Ambassador Speaks Lecture Series: “From Friendship to Special Strategic Partnership: What India and Korea Mean to Each Other”

The second edition of the Ambassador Speaks series featured His Excellency Mr. Shin Bongkil, Ambassador of the Republic of Korea to India, who delivered a lecture on ‘From Friendship to Special Strategic Partnership: What India and Korea Mean to Each Other’. Ambassador Shin was welcomed by Dr. Raghunath Mashelkar, President (PIC). Ambassador Sudhir Devare, Member, PIC chaired the session.

Mr. Shin noted that Pune held a special place in Korea-India relations as it is home to at least a 100 Korean companies. He highlighted the deepening of Korea-India ties after there was a shift in foreign policy post the election of President Moon Jae-in in 2017. He mentioned that this was evinced by the state visits of President Moon to India in 2018, and of Prime Minister Modi to Korea in 2019. He stated that Korea and India’s relationship has made remarkable progress as trade, investment cooperation, and cultural exchanges have increased over the past few years. Emphasising that China losing its competitive cost factor edge had prompted Korean companies to look elsewhere for a market, India had emerged as the most desirable partner in the Indo-Pacific region. Citing India not only as an important manufacturing partner for several Korean companies, Mr. Shin added that India has remained the most viable market for several Korean products, such as Hyundai and Samsung to name a few.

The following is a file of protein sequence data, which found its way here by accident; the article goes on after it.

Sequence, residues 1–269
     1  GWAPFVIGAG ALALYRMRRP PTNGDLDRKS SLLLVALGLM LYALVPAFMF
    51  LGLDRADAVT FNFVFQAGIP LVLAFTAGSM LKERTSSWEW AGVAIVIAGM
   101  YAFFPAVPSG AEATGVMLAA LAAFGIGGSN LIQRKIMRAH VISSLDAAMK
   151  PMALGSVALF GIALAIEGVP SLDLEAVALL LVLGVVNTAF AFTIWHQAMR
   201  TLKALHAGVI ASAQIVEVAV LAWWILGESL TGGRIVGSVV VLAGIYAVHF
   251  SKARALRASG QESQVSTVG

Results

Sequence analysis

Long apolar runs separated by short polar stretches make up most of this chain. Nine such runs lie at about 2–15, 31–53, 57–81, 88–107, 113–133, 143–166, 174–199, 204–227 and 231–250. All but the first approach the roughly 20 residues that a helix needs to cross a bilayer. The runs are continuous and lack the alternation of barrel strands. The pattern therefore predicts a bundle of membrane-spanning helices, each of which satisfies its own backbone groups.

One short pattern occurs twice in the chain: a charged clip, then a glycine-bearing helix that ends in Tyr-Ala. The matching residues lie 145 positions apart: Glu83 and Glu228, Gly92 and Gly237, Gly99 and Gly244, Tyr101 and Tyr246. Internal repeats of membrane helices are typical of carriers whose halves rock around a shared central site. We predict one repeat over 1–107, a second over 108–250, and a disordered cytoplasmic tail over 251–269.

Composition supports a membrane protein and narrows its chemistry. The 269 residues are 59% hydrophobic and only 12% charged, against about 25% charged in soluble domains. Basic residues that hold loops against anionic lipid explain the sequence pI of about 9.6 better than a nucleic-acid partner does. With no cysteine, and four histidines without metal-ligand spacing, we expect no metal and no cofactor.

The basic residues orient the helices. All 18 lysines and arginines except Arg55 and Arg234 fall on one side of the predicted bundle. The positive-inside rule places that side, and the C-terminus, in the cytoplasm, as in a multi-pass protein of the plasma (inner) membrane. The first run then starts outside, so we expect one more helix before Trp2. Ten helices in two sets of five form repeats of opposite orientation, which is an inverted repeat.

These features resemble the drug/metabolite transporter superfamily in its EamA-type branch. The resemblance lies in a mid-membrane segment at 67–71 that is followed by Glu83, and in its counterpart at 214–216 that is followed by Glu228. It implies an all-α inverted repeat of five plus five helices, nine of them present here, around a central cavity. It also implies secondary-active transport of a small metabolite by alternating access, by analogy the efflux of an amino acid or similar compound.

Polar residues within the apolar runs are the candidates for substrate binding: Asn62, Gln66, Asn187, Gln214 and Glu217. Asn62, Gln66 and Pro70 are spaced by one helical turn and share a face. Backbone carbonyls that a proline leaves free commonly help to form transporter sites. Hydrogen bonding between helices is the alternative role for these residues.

He noted that the New Southern Policy of President Moon Jae-in elevated India’s status to that of a strategic partner, as Korea sought to finally build a foreign policy initiative to include a country other than its traditional four partners (US, China, Russia, and Japan). Given the security concerns in the region, he noted that the focus on growing the Korea-India partnership to include, peace, security, and stability in the Indo-Pacific was a natural step forward. He also touched upon the historical-cultural relations between Korea and India, which are visible today in the number of Buddhist pilgrims from Korea that visit India.

Mr Shin also highlighted the continuing evolution of the cultural dynamic between Korea and India by mentioning the growing popularity of K-pop and K-drama among Indian youth. In conclusion, he highlighted that Korea and India’s mutual interests and respective strengths would help the relationship grow over the coming years to achieve both economic prosperity and peace and security in the region.